A Close Shave With Death Creates Traumatized Bumblebees

By Eliza Strickland | September 5, 2008 8:28 am

bee spiderBumblebees that have a close encounter with a dangerous predator are still cautious and wary the next day, even though their trepidation slows them down as they forage for food. In a new study, researchers used robot spiders to briefly trap the bees and study their behavior afterwards, and found that in the end, some of the bumblebees get a little paranoid…. “They’re behaving as if they’re starting to see ghosts,” [co-author Lars] Chittka says [Science News].

The researchers used small robots to imitate the look and behavior of crab spiders, which are one of the major predators of bumblebees. They lie in wait in flowers which the bees need to visit to collect nectar, and are difficult to spot because they can change colour to match their surroundings [New Scientist].

To study the impact of an interaction between a bumblebee and a fearsome crab spider, researchers created a “meadow” with artificial yellow flowers. Co-author Thomas Ings explains: “The bees behave very much as they do in nature: they go from one flower to the other as they empty it of food.” … “Dangerous” flowers harboured life-sized, robotic crab spiders with two remote-controlled, foam pincers. The bees were introduced to a meadow containing well hidden (yellow) or highly visible (white) spiders [BBC News]. If a bee landed on a flower with a spider on it, the pincers briefly squeezed shut before setting the bee free again.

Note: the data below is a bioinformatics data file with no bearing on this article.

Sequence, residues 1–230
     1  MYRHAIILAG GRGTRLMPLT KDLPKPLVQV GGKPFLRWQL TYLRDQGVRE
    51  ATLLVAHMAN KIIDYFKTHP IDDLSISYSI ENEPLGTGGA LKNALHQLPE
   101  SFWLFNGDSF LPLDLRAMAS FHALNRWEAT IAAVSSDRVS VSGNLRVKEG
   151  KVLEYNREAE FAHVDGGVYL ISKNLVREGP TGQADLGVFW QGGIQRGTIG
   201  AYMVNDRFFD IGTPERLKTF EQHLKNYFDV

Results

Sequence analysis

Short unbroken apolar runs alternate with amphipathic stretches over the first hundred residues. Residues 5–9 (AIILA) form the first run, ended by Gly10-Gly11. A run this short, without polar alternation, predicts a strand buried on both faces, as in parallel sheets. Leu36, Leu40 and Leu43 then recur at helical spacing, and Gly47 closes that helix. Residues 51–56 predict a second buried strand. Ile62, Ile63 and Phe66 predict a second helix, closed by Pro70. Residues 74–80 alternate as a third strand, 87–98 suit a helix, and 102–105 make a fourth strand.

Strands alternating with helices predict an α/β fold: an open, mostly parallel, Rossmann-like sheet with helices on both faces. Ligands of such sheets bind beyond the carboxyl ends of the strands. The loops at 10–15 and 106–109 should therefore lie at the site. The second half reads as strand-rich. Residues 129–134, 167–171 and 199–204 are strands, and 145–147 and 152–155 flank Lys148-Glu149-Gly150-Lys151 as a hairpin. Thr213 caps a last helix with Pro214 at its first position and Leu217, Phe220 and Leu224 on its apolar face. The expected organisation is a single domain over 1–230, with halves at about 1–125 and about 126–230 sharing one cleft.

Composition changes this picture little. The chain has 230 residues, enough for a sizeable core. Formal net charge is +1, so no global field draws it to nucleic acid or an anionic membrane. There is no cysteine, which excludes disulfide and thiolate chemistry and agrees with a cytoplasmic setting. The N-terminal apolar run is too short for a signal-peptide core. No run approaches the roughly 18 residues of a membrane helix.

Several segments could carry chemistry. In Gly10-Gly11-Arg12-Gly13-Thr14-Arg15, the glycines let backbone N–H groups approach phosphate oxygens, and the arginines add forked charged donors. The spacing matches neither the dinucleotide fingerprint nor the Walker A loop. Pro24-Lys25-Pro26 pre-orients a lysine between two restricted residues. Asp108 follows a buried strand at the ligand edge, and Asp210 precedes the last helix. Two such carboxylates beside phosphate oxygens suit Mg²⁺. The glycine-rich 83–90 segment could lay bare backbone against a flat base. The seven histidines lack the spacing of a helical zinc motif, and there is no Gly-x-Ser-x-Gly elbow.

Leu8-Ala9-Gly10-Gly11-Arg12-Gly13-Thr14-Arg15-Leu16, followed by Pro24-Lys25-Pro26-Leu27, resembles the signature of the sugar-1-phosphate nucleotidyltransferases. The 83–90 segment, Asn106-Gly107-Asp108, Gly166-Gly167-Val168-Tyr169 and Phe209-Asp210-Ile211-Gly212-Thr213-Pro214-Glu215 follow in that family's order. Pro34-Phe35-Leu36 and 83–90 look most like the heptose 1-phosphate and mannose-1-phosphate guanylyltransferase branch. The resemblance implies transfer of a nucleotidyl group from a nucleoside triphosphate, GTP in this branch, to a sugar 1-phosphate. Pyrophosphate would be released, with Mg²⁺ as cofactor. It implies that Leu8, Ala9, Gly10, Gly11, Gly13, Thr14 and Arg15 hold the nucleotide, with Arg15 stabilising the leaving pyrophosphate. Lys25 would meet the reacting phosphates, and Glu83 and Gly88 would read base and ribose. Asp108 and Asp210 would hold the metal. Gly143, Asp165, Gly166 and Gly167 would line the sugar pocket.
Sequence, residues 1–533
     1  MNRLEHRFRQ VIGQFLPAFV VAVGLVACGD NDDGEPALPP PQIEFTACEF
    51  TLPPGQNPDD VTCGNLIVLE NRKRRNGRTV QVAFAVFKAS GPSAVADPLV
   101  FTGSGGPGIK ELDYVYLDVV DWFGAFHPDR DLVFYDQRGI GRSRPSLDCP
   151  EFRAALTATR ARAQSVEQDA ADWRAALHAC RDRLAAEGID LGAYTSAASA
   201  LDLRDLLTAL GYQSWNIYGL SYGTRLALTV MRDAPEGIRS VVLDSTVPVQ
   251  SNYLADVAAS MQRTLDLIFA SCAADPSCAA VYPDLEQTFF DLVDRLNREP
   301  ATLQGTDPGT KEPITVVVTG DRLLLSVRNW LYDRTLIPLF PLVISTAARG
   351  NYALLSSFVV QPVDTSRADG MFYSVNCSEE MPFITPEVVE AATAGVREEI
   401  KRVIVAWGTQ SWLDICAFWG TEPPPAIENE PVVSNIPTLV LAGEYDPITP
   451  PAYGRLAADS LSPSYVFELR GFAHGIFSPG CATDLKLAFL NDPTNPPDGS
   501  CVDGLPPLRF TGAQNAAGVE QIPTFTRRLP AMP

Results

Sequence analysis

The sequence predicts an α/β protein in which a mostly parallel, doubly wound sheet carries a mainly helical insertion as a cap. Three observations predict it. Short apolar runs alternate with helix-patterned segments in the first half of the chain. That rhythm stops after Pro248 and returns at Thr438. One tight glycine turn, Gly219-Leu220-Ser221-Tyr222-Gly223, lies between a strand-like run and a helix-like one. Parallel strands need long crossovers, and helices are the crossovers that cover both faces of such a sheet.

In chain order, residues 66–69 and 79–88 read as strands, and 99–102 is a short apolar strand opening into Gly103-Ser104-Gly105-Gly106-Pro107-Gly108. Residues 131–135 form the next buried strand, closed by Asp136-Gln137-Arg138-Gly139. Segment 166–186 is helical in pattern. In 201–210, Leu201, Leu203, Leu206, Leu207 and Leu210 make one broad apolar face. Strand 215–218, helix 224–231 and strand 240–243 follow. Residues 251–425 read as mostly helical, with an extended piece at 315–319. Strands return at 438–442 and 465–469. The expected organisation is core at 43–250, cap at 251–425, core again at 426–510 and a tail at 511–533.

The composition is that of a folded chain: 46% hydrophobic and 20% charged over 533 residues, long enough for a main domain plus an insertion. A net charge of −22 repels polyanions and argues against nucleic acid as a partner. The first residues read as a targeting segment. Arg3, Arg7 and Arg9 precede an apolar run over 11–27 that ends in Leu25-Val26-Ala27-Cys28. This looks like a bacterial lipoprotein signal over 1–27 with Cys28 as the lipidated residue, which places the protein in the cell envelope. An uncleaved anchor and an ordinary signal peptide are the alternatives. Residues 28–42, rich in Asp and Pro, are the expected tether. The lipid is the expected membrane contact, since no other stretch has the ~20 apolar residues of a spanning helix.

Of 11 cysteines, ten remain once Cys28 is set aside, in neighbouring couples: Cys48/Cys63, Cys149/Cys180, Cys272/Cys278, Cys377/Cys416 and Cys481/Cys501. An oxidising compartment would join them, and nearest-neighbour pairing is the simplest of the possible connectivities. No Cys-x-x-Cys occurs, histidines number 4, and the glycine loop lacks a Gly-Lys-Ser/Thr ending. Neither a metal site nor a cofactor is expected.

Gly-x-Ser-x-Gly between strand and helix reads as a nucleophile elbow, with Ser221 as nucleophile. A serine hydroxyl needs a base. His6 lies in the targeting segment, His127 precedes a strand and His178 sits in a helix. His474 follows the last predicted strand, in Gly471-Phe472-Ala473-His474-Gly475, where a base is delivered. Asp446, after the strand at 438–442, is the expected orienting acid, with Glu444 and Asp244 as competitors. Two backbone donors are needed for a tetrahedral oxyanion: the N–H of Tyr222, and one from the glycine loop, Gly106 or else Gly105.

The study, which is forthcoming in the journal Current Biology [subscription required], shows that after a bee had been trapped it changed its flight patterns, taking longer to inspect each flower before deciding whether or not to land on it. Bees that had been caught by a camouflaged spider were particularly wary, researchers found, and continued their slower flights the next day. “The cost of “dithering” extensively to inspect every flower is that a bee is slowed down considerably in its foraging,” said Prof Chittka. “Ultimately this will negatively affect honey collection for the hive – but a slow forager is better than a dead forager” [Telegraph].

Image: L. Chittka

CATEGORIZED UNDER: Living World
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